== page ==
Walmart not part of landmark sweatshop compensation fund

Labor rights groups say they found documents and remnants of apparel tying 25 European and American retailers and brands to the five garment factories spread across Rana Plaza’s eight floors. Several of the firms have since denied their apparel came from any of the factories. Mango, a Spanish apparel brand, said, for instance, that it only had a test order in a factory there. http://www.nytimes.com/2013/12/24/business/international/40-million-in-aid-set-for-bangladesh-garment-workers.html?adxnnl=1&ref=world&adxnnlx=1387890414-3QYHS5qe4SqodfI+rt/Gog
Walmart has been urged to help the Rana Plaza families because production documents found in the rubble indicated that a Canadian contractor was producing jeans for Walmart in 2012 at the Ether Tex factory inside the building.. Walmart said an unauthorized contractor was producing garments there without its knowledge. It says it is focused on assuring that there are no such disasters in the future.

The Children’s Place, which had obtained apparel from one of the factories inside Rana Plaza, said the factory was not supplying it at the time of the collapse.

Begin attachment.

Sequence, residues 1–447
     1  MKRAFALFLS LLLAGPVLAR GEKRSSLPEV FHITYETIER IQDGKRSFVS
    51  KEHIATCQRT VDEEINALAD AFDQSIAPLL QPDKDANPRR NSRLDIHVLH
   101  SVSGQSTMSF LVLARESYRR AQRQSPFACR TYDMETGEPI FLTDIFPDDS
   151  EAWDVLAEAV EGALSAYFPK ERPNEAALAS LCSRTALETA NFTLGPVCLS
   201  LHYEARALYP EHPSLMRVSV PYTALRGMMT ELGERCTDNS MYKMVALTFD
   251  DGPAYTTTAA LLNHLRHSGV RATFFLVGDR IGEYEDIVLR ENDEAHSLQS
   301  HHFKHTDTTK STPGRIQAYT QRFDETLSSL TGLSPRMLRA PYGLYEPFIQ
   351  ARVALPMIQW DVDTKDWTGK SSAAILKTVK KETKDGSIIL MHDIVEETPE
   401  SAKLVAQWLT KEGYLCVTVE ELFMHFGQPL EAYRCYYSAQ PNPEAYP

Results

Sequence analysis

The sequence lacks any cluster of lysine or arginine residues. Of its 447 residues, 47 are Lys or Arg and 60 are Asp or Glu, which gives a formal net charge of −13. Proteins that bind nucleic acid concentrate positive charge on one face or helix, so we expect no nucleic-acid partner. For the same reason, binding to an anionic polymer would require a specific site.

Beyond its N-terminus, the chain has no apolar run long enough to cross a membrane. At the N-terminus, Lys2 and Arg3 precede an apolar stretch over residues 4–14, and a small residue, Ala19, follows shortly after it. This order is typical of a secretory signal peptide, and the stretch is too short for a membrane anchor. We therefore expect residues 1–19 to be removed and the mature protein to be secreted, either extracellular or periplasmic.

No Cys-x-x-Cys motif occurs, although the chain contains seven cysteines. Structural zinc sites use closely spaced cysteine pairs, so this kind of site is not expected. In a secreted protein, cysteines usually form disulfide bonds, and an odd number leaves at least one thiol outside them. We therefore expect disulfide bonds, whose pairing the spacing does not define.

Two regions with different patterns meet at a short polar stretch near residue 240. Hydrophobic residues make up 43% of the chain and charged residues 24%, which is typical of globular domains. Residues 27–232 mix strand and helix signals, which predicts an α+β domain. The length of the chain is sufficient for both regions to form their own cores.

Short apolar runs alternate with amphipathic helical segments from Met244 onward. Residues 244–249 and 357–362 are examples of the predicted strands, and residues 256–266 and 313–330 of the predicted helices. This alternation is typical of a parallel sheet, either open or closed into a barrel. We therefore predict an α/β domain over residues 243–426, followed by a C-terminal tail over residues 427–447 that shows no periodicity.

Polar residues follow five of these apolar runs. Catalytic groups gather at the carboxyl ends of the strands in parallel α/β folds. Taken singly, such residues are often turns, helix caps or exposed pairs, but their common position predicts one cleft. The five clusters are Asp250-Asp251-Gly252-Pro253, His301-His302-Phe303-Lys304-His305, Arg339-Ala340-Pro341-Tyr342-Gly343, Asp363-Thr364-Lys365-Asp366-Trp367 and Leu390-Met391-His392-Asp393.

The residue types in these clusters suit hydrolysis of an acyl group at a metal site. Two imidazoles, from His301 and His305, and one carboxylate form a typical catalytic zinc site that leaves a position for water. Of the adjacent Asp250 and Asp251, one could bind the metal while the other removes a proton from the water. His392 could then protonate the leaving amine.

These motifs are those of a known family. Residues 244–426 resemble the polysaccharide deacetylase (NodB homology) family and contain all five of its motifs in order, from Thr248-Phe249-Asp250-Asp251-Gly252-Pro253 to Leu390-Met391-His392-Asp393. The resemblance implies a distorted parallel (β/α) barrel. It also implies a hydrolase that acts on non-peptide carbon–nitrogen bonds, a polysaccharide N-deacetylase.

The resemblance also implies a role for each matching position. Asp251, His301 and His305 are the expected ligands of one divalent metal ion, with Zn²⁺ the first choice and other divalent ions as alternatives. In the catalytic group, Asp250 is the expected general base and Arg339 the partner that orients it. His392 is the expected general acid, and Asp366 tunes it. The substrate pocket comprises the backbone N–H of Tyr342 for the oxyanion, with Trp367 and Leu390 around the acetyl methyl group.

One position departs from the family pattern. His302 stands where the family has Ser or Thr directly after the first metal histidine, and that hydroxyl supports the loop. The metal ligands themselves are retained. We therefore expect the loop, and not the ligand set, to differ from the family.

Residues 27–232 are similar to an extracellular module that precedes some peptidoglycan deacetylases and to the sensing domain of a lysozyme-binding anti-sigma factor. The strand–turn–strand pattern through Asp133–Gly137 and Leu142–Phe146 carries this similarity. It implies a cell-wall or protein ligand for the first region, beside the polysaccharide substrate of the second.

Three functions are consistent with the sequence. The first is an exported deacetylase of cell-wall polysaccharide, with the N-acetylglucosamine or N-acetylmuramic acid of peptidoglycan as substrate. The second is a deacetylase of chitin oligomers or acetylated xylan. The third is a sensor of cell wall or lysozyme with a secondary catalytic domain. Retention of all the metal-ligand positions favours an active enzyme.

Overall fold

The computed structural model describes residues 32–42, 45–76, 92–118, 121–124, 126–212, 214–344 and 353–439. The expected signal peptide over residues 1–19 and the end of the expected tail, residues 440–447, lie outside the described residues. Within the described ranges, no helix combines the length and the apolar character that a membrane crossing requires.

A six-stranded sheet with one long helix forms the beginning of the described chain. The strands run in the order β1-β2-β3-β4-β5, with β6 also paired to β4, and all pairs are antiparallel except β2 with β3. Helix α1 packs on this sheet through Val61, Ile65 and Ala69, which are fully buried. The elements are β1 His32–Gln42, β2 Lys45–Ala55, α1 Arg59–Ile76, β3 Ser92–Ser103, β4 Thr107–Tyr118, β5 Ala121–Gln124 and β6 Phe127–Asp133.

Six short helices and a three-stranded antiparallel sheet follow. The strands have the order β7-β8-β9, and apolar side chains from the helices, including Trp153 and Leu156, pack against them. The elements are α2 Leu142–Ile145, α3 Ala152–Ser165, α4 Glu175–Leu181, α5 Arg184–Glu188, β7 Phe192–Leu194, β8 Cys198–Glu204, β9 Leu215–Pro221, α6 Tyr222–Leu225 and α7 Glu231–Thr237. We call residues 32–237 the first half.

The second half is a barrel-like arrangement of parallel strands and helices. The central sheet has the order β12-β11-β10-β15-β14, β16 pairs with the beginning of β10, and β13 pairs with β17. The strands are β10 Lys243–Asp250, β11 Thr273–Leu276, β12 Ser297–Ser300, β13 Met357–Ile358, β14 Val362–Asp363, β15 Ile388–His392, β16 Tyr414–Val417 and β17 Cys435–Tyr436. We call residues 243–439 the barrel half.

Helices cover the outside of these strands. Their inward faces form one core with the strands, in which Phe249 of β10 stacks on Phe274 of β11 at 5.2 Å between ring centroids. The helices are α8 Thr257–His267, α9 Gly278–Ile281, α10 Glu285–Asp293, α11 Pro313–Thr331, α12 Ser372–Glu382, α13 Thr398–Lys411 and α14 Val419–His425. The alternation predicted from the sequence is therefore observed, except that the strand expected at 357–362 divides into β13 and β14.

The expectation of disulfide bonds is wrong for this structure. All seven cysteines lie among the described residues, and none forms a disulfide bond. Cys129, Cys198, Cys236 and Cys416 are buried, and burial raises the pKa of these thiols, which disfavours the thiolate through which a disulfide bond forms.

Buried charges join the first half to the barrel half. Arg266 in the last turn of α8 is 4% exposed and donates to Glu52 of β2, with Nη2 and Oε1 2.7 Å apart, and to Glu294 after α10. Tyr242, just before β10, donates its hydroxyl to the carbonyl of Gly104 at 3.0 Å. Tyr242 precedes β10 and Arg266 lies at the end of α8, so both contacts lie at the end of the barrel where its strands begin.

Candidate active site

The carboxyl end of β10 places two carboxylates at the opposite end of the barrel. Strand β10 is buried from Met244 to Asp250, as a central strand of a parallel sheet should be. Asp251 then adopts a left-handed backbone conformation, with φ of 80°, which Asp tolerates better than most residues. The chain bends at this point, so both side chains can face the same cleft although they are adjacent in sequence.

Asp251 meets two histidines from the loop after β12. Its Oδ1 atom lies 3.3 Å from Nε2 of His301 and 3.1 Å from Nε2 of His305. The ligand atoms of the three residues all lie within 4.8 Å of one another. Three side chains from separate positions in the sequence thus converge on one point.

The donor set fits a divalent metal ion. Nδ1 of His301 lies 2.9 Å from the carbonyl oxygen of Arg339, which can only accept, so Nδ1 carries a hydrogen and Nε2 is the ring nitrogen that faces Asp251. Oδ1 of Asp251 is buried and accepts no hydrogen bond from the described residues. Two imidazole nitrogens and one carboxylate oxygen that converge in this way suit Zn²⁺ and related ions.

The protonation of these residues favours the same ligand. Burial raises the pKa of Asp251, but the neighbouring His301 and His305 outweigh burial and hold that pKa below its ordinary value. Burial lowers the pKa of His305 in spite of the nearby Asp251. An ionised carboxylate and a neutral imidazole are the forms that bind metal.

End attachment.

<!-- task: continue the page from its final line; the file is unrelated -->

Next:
A Walmart official said the company had no comment about requests for it to contribute to the fund. The Children’s Place did not respond to inquiries.

“These brands produced at Rana Plaza, yet did nothing to protect the workers who made their clothes, despite a history of deadly building collapses in Bangladesh,” said Scott Nova, executive director of the Worker Rights Consortium, a monitoring group based in Washington that is financed by American colleges and universities. “Incredibly, some companies do not seem to feel the slightest responsibility to the families whose lives were destroyed as a result of this negligence.”

Officials involved in the compensation fund say they have not yet worked out how much money each participant should contribute. That will depend, in part, on how many retailers ultimately agree to participate and whether various governments agree to give money.

Some industry experts say the American companies are afraid to participate for fear of being exposed to legal liability or appearing hypocritical after denying that they knowingly did business at Rana Plaza at the time of the collapse.

Mr. Rees, the I.L.O. official, said contributions would not lead to liability. “At the moment, this effort needs support,” he said. “It needs the backing of companies that were in Rana Plaza when it collapsed, that were there in the recent past before it collapsed and that weren’t in there at all and want to show solidarity with the industry.”

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